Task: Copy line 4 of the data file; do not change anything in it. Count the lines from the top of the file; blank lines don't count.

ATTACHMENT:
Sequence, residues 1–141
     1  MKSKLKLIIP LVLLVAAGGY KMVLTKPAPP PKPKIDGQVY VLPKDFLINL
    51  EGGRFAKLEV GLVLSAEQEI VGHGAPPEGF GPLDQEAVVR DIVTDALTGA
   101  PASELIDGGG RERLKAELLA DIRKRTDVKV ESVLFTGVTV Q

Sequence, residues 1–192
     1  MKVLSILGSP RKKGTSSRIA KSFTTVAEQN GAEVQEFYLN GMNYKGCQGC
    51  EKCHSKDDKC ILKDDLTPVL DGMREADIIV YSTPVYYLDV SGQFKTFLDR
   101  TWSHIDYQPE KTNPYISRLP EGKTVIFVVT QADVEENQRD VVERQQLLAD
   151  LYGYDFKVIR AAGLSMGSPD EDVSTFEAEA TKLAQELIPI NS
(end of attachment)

   101  PASELIDGGG RERLKAELLA DIRKRTDVKV ESVLFTGVTV Q